The Southern District of Florida issued an order on Tuesday adopting portions of a previous recommendation and finding a Costa Rican company, Inversiones Y Procesadora Tropical Inprotsa S.A. in contempt for not complying with an order requiring it to stop growing and selling certain pineapples but rejecting a $16.4 million disgorgement sanction request.
The report and recommendation was given by Magistrate Judge Lauren Louis in July 2020. In this recommendation, the judge ruled to issue the defendant a fine of over $200,000 for attorneys fees. The report, however, did not grant damages due to the continued growth and sale of pineapples after the judgment through 2018, although Del Monte sought $16 million. The court in its present order agreed with the previous decision to decline the disgorgement request, ruling that Del Monte had not given money to the defendant which should be returned.
The lawsuit, which was filed by Del Monte International GMBH, asked the court to require the defendant to stop growing and selling a pineapple variety which it claimed is an exclusive Del Monte product and comes from its seeds. The plaintiff alleged that it should be entitled to damages since the alleged conduct had continued and the defendant had not complied with the award or final judgment, which required it to return or destroy 93% of the pineapple variety currently growing and return the seeds.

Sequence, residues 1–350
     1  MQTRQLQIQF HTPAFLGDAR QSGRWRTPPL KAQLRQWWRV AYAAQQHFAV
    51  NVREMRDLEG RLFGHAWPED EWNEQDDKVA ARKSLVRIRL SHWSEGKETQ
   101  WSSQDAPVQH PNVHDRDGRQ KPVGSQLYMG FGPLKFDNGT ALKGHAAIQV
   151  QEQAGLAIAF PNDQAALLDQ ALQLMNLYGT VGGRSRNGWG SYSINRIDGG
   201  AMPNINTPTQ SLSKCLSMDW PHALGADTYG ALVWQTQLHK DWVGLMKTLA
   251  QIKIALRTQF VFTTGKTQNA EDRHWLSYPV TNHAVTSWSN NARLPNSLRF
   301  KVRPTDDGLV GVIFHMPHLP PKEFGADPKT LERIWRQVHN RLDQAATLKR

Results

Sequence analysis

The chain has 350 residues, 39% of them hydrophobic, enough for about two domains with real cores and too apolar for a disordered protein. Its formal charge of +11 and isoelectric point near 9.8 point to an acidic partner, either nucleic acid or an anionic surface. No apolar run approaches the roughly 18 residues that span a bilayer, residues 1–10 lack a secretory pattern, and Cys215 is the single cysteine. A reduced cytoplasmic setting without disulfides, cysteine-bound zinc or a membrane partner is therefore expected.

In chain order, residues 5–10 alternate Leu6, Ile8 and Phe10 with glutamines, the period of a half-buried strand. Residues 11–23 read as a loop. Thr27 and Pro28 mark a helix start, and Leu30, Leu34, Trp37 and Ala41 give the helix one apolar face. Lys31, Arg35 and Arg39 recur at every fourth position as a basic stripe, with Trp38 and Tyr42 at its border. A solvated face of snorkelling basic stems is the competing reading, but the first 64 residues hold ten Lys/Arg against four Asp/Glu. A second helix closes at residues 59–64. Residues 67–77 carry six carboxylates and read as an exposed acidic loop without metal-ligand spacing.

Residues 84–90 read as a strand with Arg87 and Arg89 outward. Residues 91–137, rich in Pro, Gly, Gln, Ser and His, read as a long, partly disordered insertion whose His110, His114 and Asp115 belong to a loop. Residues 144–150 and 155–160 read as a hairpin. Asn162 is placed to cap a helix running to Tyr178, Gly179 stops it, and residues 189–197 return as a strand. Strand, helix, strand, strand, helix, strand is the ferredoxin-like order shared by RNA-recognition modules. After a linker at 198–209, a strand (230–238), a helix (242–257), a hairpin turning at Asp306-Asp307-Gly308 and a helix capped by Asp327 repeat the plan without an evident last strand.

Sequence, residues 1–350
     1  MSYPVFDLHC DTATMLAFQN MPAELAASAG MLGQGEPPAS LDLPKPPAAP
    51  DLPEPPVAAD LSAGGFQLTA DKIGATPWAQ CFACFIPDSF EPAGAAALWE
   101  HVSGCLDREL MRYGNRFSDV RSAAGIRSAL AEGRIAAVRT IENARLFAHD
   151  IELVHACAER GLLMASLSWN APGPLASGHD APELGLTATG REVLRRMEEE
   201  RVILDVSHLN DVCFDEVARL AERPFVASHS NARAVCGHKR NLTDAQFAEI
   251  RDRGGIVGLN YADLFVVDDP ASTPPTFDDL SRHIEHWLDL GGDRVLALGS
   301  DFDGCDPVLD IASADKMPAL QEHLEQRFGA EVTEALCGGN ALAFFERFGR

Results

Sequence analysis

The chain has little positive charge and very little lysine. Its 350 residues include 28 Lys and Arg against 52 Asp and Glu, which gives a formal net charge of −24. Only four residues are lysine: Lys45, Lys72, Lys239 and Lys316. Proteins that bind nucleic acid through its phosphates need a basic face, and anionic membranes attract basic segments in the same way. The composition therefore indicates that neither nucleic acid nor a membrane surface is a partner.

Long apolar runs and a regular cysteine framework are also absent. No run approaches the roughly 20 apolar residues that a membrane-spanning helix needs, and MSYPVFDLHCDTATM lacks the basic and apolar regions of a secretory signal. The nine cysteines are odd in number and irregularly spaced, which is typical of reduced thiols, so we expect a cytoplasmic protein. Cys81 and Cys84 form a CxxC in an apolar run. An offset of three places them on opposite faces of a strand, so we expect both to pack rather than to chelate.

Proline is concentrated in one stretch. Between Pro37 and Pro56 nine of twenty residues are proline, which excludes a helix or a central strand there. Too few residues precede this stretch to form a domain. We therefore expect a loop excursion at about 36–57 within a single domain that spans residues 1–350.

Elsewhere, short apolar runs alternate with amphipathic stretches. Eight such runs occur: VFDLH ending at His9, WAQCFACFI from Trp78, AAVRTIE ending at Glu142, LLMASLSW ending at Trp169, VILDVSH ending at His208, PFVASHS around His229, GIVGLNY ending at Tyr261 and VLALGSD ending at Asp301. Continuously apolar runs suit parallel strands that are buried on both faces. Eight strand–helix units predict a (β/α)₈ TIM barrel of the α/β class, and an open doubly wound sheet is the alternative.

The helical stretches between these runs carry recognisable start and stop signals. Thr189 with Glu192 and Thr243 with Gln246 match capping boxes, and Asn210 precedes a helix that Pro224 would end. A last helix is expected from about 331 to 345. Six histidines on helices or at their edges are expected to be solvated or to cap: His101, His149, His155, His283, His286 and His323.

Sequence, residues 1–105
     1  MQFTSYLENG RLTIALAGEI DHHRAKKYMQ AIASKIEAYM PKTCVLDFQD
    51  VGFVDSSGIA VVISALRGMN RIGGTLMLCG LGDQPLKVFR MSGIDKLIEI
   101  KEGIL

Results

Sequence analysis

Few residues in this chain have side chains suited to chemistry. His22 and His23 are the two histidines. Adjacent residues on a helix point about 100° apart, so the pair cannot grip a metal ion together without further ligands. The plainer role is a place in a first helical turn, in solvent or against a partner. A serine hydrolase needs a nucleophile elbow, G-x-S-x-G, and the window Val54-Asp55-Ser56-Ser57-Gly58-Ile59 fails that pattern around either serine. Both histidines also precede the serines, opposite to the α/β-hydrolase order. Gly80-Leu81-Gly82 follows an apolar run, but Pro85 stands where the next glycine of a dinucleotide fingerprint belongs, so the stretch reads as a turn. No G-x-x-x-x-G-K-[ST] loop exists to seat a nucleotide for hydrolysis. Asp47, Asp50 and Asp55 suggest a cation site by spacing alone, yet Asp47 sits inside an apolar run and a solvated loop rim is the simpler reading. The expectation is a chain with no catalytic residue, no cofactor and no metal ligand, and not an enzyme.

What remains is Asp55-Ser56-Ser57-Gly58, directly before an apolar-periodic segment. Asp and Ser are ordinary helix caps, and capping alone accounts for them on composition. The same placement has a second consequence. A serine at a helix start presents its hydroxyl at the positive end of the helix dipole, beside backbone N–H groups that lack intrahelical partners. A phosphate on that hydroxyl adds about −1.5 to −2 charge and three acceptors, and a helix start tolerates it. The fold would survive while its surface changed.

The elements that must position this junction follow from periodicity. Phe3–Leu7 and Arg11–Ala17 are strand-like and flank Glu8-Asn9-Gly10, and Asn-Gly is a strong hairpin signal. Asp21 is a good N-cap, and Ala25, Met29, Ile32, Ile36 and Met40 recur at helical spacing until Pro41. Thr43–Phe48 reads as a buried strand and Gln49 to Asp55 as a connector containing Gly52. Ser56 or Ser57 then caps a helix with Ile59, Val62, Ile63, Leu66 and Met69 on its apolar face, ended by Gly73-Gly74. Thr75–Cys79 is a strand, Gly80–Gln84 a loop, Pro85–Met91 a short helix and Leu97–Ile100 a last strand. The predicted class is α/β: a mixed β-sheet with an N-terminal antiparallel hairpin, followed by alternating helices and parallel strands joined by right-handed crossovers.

The court previously determined that Del Monte met its burden to show that the ruling was not being followed and the defendant should be held in contempt. Although some portions of the recommendation were approved through the last year, the final portions including the ruling on sanctions, “whether disgorgement of revenues is a proper measure of damages for contempt,” and whether attorneys fees should be awarded to Del Monte were not approved until the present order signed by Judge Federico Moreno. The court explained that sanctions could not be given until Inprosta had the opportunity to respond and show why they had not followed the orders.
Since the recommendation was first approved, each party filed an objection to the recommendation and a response to the other party’s objection. Additionally, the court issued a separate order to show cause in October 2020, which the petitioner responded to in November. Addressing the current order, the court said it reviewed the entire file before adopting the remaining portions of the report and recommendation.
The court said that “there is no dispute in this case that Inprotsa did not comply with either the destruction or sales injunctions.” It addressed arguments from the defendant that the judgment was both unclear and “unlawful” because the court cannot “enforce an extraterritorial mandatory injunction.”
Addressing the jurisdiction argument, the court reiterated its previous conclusion that Inprotsa did not raise the argument either in the district court or in the appellate court and that it is not proper to raise the argument at this point but would have been before the final judgment. The court also rejected the defendant’s argument that it could not comply because of Costa Rican law saying that it could have chosen to comply.